This is an election year. But for a long time, it really never felt like it.
This is partly due to the fact that the 2010 presidential campaign promises to be a boring affair. I mean everyone, justifiably so, assumes that President Kikwete will be re-nominated by his party, CCM. It is also expected that he will proceed to win another landslide in October. He is unchallenged within his party, which seems to operate under an unspoken rule that says an incumbent ought to be allowed to run unopposed for their second term ‘to allow for the implementation of “any unfinished” business’ they may have.
But also one does not see any credible challenger emerging from the opposition. Civic United Front (CUF) are likely to nominate a man who has lost three elections in a row in Professor Ibrahim Lipumba. That does not inspire much confidence, does it? Chadema, well I am not sure what exactly they are up to. The party’s nominee for the 2005 election, Chairman Freeman Mbowe, has decided to run for parliament this time around. In The Citizen’s Political Platform today (link unavailable), Florence Mugarula writes that it ‘remains unclear so far…whether the party will be fielding a presidential candidate.’ Another former losing candidate, the Tanzania Labour Party’s (TLP) Chairman, Augustine Mrema, has also decided against vying for the presidency this election cycle and instead has chosen to run for the Vunjo parliamentary seat in Arusha. So, with all that in mind, I guess it’s fair to say that come November 1st, Mheshimiwa Jakaya Mrisho Kikwete will still be President of the United Republic of Tanzania.
For me, however, this election year holds particular fascination for what it might reveal about the next one in 2015. That is, which figures will emerge during the campaign, start to distinguish and position themselves as contenders for the next general election. And following Vice President Ali Mohammed Shein’s decision to run for the Zanzibari presidency, everyone is now talking about it. If Mr. Shein wins his party’s nomination, a prospect that appears highly likely as he seems to have the party’s establishment behind him (also my understanding is, he is also CUF’s preferred candidate as they see him to be the man who would consolidate the recent gains made in the ‘Muafaka’ reconciliation process), then Mr. Kikwete would have to select a new running mate. And whomever the President chooses he immediately becomes the front runner and the favorite to win CCM’s presidential nomination five years from now.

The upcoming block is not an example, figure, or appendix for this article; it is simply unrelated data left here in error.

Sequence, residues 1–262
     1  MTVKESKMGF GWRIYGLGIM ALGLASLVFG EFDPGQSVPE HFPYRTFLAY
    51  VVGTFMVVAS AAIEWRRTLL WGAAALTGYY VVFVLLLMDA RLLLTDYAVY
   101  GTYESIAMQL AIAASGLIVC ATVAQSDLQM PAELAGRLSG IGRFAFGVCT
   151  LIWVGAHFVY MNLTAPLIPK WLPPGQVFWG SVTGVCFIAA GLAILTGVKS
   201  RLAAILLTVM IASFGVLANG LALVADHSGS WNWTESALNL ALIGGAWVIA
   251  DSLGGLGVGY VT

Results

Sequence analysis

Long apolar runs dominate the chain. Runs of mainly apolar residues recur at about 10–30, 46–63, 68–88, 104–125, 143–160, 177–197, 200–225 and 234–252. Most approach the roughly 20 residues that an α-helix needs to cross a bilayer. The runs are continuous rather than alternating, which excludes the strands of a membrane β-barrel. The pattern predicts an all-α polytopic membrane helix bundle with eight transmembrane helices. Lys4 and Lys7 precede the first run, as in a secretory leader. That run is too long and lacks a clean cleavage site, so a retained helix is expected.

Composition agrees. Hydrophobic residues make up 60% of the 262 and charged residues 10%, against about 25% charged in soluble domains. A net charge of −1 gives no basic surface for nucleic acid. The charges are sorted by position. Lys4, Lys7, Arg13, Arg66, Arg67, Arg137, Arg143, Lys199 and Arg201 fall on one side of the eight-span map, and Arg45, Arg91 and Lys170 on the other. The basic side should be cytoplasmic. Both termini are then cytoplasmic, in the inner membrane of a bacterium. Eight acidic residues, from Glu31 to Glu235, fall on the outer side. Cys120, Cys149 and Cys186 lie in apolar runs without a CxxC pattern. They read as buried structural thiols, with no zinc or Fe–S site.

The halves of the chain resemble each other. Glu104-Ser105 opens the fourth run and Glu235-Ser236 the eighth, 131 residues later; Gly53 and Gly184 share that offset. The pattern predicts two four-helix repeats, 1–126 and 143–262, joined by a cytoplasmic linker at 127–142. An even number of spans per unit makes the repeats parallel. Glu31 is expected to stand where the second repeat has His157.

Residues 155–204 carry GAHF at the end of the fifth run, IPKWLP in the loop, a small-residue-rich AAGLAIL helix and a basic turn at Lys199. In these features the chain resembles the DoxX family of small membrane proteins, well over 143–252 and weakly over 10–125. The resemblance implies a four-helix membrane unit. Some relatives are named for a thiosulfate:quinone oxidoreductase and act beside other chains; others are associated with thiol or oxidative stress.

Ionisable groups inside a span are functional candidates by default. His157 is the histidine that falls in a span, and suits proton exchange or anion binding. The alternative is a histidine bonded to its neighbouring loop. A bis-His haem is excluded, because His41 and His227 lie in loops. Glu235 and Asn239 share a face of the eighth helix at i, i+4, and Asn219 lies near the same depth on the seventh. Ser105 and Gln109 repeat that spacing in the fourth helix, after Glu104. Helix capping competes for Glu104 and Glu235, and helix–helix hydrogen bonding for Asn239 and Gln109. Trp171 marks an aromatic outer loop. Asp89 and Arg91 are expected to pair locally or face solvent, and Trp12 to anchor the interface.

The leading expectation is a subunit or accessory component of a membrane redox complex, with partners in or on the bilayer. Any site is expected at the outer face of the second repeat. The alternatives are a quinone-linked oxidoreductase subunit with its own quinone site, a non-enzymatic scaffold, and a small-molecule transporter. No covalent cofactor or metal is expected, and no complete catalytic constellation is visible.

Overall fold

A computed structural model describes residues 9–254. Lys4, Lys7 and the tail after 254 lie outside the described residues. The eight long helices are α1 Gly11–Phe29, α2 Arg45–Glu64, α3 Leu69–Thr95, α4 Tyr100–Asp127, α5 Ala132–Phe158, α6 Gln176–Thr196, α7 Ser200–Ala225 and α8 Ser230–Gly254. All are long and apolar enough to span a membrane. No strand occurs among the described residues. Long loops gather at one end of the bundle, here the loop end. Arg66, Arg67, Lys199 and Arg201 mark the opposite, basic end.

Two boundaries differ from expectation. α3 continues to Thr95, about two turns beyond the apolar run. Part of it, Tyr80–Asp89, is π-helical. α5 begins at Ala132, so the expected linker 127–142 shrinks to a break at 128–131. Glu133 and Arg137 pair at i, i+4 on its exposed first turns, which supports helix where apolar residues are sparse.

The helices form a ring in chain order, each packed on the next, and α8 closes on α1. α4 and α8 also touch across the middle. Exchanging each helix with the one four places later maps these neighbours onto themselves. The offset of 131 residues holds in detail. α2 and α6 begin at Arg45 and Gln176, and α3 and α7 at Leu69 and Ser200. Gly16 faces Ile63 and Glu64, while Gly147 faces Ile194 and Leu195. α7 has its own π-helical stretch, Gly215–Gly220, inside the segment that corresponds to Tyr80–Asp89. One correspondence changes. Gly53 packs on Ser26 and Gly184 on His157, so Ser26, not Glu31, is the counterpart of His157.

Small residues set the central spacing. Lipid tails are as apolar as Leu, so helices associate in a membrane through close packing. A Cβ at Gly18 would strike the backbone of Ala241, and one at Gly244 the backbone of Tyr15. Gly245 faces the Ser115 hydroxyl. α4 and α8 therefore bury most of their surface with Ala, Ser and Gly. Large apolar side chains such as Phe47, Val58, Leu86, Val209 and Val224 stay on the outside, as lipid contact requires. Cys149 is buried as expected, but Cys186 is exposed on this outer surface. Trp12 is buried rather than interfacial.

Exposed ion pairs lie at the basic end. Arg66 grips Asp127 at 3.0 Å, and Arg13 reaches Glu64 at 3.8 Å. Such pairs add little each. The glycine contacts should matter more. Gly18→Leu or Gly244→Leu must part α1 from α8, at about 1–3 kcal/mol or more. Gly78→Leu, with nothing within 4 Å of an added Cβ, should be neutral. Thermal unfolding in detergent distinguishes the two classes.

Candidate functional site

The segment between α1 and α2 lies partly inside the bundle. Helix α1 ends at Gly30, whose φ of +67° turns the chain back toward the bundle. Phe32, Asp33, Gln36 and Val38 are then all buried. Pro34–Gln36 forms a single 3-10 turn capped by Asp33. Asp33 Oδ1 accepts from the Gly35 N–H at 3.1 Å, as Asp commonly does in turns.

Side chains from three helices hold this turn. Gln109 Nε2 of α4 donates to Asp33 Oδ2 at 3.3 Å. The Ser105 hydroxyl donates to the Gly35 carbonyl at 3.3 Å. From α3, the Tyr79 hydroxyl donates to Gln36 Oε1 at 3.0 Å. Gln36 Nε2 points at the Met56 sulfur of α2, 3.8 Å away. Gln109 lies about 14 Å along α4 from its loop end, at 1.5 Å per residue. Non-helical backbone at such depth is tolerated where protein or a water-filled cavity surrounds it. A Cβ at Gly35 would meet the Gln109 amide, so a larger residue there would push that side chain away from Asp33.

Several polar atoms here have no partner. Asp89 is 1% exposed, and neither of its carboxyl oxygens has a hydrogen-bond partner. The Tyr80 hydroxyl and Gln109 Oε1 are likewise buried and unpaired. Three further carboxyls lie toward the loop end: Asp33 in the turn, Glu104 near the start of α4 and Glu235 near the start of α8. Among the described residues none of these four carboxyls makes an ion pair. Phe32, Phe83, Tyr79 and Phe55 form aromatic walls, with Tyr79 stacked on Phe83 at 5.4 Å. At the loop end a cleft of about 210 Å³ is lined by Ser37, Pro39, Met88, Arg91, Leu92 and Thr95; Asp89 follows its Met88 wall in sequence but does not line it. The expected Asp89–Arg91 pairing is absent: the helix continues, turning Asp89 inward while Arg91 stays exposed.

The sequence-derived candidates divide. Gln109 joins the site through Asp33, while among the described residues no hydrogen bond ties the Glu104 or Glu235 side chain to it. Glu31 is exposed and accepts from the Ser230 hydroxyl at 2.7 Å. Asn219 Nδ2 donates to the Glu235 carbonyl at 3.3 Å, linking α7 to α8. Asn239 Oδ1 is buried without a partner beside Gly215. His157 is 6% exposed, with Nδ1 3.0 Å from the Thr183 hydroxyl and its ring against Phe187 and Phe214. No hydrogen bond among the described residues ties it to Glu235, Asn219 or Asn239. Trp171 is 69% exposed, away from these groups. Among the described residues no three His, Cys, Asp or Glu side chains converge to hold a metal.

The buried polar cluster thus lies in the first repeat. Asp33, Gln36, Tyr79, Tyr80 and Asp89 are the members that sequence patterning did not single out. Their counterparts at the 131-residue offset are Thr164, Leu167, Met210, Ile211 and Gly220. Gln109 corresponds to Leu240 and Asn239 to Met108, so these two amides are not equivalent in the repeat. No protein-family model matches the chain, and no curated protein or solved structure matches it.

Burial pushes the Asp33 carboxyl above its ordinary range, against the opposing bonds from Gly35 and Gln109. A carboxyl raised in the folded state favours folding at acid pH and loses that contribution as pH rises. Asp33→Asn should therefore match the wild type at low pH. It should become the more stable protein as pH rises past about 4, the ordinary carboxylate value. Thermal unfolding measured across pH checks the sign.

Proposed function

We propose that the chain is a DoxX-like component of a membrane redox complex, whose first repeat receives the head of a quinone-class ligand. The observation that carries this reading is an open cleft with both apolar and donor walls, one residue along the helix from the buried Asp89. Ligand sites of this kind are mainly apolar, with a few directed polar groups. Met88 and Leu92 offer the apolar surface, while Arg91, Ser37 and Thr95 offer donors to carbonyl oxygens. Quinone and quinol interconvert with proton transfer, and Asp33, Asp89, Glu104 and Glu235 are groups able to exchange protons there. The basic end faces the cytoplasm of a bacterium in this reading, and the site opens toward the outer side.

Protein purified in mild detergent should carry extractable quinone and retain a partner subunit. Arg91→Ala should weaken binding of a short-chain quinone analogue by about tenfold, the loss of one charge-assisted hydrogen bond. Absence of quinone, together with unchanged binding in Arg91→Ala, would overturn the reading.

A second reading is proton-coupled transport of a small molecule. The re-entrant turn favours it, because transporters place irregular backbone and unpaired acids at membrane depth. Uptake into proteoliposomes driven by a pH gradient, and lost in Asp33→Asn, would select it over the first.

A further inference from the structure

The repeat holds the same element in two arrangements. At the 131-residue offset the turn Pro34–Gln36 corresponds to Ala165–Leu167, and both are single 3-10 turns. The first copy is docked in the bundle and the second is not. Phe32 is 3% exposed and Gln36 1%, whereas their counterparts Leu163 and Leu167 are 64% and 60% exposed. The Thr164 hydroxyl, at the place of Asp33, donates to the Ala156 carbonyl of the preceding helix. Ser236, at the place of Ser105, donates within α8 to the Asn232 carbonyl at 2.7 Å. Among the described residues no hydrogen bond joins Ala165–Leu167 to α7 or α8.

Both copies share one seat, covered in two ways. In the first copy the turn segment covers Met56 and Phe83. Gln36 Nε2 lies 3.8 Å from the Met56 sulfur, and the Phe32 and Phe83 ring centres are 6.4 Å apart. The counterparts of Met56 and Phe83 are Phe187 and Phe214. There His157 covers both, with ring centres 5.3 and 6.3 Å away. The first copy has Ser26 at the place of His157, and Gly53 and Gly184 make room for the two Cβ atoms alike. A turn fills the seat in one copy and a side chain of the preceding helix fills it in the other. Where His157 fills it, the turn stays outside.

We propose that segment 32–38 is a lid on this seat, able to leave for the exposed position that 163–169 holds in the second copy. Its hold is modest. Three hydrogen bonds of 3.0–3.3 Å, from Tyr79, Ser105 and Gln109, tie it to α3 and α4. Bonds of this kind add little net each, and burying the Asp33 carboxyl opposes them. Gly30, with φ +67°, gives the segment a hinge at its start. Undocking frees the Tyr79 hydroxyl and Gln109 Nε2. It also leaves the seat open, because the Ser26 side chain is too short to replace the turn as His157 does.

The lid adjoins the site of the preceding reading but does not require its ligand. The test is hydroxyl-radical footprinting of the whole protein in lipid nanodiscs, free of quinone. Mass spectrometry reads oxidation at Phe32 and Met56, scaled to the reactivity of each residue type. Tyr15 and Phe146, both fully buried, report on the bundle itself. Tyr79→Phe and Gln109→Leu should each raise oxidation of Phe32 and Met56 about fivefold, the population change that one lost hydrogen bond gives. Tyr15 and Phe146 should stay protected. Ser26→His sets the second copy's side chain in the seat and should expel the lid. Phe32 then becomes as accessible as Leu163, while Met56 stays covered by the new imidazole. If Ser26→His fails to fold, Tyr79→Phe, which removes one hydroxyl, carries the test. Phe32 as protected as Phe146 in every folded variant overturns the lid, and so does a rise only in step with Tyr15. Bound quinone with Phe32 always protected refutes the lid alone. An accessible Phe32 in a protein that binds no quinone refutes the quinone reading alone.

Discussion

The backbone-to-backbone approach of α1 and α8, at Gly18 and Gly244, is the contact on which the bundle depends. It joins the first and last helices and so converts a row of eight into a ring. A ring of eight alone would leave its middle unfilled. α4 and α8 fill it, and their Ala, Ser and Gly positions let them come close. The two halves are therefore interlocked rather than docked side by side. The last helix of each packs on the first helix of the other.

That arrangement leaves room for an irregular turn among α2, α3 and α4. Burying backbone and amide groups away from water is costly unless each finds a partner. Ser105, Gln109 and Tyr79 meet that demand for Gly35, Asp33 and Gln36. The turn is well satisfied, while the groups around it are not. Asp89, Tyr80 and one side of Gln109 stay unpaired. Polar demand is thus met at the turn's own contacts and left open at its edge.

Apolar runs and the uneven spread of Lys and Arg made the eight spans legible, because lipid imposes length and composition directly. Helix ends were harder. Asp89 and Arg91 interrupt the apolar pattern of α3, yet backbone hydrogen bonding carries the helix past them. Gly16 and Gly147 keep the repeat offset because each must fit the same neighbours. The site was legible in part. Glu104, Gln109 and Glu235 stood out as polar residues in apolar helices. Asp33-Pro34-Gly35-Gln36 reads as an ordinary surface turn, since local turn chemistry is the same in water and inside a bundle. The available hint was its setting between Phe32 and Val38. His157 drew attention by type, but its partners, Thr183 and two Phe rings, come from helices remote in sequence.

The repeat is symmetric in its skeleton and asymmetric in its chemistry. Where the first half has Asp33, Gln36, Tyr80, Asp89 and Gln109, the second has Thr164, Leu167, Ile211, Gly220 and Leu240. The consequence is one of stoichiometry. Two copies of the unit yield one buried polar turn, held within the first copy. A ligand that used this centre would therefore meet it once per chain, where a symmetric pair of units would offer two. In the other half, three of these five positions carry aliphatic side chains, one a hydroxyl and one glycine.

Rai Mwema has already begun to speculate on who might succeed Mr. Shein. Last week apparently it was former Finance Minister Zakia Meghji, former Prime Minister and Diplomat Dr. Salim Ahmed Salim and they even threw the retiring Zanzibari president Amani Abeid Karume‘s name into the mix. In this week’s edition, a few other names have been added: former PM Edward Lowassa, Foreign Affairs Minister Bernard Membe, Water and Irrigation Minister Prof. Mark Mwandosya, Home Affairs Minister Lawrence Mwasha, Deputy Minister of Defence Dr. Emmanuel Nchimbi and another former PM Frederick Sumaye (link unavailable). MwanaHalisi are also suggesting something similar on their front page today but they’ve gone further, claiming that President Kikwete actually wants President Karume to succeed him in 2015 (link unavailable).
Despite all this speculation, the consensus seems to be, whomever the President picks, it will be a big tell as to who he wants to succeed him after he leaves office. Of course it could also be the case that Vice-President Shein is merely being parked over there in Zanzibar so that he could take over in five years time. After all, isn’t it also another of CCM’s unspoken agreements that a President from the mainland should be succeeded by a politician from Zanzibar?
Anyway, all of a sudden the election campaign has burst into life. I can’t wait for 2015.
(Photo: Wednesday 23 June 2010 morning newspapers by Salim Ally)